Design students empower residents to apply for Property Tax Exemption (PTE)
Chad Reichert Professor College for Creative Studies, MI
Foreclosure is a historic and abundant problem in the city of Detroit. Neighbor to Neighbor is a community-led tax foreclosure prevention effort that provides opportunities and resources for people to stay in their homes. A group of 8 BFA students from the College for Creative Studies Communication Design department led by Professor Chad Reichert collaborated with Quicken Loans Community Fund (QLCF) to empower residents to apply for Property Tax Exemption (PTE). The results of this 15-week collaboration helped raise awareness and built a greater sense of trust within the Detroit community.
The presentation will address the obstacles residents faced in the application process, the human costs of tax foreclosure and how the students adapted to work alongside residents to build an inclusive and empathetic approach. Additionally, the discussion will revolve around three project steps: ethnographic research, persona development and design execution. These steps addressed the question: what happens when design students observe, listen and learn from people whose voices are left out of the decision-making process. Further, the presentation will explore how design education can evolve and continue to develop more meaningful civic/social experiences and interactions.
Mariam Asad Graduate student Georgia Institute of Technology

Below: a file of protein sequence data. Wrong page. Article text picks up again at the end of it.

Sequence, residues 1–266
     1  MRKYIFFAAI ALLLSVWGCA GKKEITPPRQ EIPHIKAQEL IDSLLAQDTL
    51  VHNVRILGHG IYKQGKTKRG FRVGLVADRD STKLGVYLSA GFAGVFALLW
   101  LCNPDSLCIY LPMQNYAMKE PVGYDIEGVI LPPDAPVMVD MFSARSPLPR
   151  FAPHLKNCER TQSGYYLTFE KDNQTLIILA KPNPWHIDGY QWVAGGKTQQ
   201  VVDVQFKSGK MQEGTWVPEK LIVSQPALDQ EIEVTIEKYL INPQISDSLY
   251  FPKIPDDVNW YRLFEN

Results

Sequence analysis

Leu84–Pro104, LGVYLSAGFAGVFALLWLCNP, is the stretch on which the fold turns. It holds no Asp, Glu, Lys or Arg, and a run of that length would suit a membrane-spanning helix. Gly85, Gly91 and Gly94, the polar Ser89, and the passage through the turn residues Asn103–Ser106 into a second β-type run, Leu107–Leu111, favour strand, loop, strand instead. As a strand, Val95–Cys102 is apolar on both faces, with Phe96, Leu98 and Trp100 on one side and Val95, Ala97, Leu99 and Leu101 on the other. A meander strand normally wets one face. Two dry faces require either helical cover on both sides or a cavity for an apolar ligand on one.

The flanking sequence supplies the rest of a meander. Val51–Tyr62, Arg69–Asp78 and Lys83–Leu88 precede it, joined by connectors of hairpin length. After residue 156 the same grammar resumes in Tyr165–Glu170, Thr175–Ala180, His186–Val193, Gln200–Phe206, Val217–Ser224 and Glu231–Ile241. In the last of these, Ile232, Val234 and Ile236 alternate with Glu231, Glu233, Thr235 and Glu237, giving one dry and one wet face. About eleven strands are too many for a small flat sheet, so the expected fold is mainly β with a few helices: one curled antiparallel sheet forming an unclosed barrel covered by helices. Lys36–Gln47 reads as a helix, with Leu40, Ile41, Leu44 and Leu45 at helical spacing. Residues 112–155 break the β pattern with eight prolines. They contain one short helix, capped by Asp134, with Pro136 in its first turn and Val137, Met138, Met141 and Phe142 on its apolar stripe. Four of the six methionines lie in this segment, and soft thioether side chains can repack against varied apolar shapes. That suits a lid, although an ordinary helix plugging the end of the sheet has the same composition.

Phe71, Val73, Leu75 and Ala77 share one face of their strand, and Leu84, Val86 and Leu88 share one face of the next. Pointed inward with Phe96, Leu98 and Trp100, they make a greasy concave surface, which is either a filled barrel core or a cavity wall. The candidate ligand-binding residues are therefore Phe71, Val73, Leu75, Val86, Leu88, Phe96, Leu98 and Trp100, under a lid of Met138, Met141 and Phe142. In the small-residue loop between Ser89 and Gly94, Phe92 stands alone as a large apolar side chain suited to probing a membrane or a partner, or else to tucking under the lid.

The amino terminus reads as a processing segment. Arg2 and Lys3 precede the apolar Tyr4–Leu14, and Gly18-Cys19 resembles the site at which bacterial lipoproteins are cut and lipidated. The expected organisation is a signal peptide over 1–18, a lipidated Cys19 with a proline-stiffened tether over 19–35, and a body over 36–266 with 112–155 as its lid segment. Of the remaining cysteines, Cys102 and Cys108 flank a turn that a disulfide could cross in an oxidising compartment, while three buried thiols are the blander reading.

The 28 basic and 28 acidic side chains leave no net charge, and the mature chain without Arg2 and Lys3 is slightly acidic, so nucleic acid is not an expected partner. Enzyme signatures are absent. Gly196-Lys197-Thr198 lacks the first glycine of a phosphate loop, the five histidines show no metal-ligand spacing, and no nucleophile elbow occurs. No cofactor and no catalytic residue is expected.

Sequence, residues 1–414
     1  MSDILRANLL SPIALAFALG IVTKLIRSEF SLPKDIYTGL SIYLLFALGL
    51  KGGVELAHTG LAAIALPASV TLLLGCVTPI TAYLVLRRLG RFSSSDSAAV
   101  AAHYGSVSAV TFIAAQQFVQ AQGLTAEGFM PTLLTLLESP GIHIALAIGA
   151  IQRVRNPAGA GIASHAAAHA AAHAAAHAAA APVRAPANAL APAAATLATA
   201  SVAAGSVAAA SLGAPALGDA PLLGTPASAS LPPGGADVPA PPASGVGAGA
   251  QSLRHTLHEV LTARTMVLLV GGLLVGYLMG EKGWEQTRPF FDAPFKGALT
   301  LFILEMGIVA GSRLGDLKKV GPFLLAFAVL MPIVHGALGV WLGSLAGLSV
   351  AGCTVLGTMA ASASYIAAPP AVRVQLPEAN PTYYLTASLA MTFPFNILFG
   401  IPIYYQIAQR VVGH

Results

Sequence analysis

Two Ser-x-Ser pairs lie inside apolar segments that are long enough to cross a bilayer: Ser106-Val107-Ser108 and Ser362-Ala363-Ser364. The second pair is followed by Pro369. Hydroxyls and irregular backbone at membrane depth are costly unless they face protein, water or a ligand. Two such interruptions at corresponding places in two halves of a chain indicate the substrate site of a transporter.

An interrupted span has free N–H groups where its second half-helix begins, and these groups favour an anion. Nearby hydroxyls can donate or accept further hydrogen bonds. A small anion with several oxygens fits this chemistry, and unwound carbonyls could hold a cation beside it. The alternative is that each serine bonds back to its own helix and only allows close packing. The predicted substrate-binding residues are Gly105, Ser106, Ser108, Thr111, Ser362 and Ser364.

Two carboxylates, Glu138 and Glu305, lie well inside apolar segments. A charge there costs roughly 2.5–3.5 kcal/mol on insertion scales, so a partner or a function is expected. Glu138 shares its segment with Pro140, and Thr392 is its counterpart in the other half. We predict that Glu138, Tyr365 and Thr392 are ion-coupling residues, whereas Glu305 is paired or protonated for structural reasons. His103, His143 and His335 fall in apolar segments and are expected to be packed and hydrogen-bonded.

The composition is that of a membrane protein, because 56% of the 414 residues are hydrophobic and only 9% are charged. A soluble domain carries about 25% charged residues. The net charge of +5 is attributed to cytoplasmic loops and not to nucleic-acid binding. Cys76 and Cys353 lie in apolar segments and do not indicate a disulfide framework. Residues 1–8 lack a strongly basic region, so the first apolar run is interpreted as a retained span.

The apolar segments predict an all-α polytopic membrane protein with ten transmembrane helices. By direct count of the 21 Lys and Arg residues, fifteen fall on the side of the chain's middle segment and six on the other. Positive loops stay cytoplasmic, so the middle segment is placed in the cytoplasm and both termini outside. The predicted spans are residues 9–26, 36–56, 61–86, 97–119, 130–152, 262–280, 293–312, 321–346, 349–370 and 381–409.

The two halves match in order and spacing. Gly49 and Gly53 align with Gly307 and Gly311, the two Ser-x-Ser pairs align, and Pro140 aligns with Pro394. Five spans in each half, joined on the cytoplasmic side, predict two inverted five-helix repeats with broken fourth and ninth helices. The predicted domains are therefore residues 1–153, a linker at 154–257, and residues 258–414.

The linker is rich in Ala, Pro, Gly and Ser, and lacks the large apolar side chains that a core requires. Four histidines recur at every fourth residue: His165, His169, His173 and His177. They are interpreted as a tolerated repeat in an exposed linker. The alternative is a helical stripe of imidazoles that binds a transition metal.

Whereas much academic scholarship engages with the concepts and principles of justice; design research is a unique opportunity to challenge oppression by leveraging design-based resources and practices. This presentation will discuss some concrete and pragmatic examples of design research work that tries to materially contributes to community-based efforts around injustice. I draw from my fieldwork with advocacy and activist communities in Atlanta to explore how to better align design and anti-oppression work. The first vignette takes place during design workshops with housing justice activists: here, we facilitated prototyping exercises to prompt activists to envision technological interventions to support their political work. The second vignette is based in a project to co-develop with local communities a playbook for civic engagement. This series of design workshops marshaled existing wisdom and resources in neighborhoods to increase their capacity for agency and influencing change to address their local needs and concerns. I draw connections across our design research work through these two fieldsites to encourage design work that has higher stakes in local civic change and positions designers and researchers as facilitators to support our community collaborators doing justice and anti-oppression work on the ground.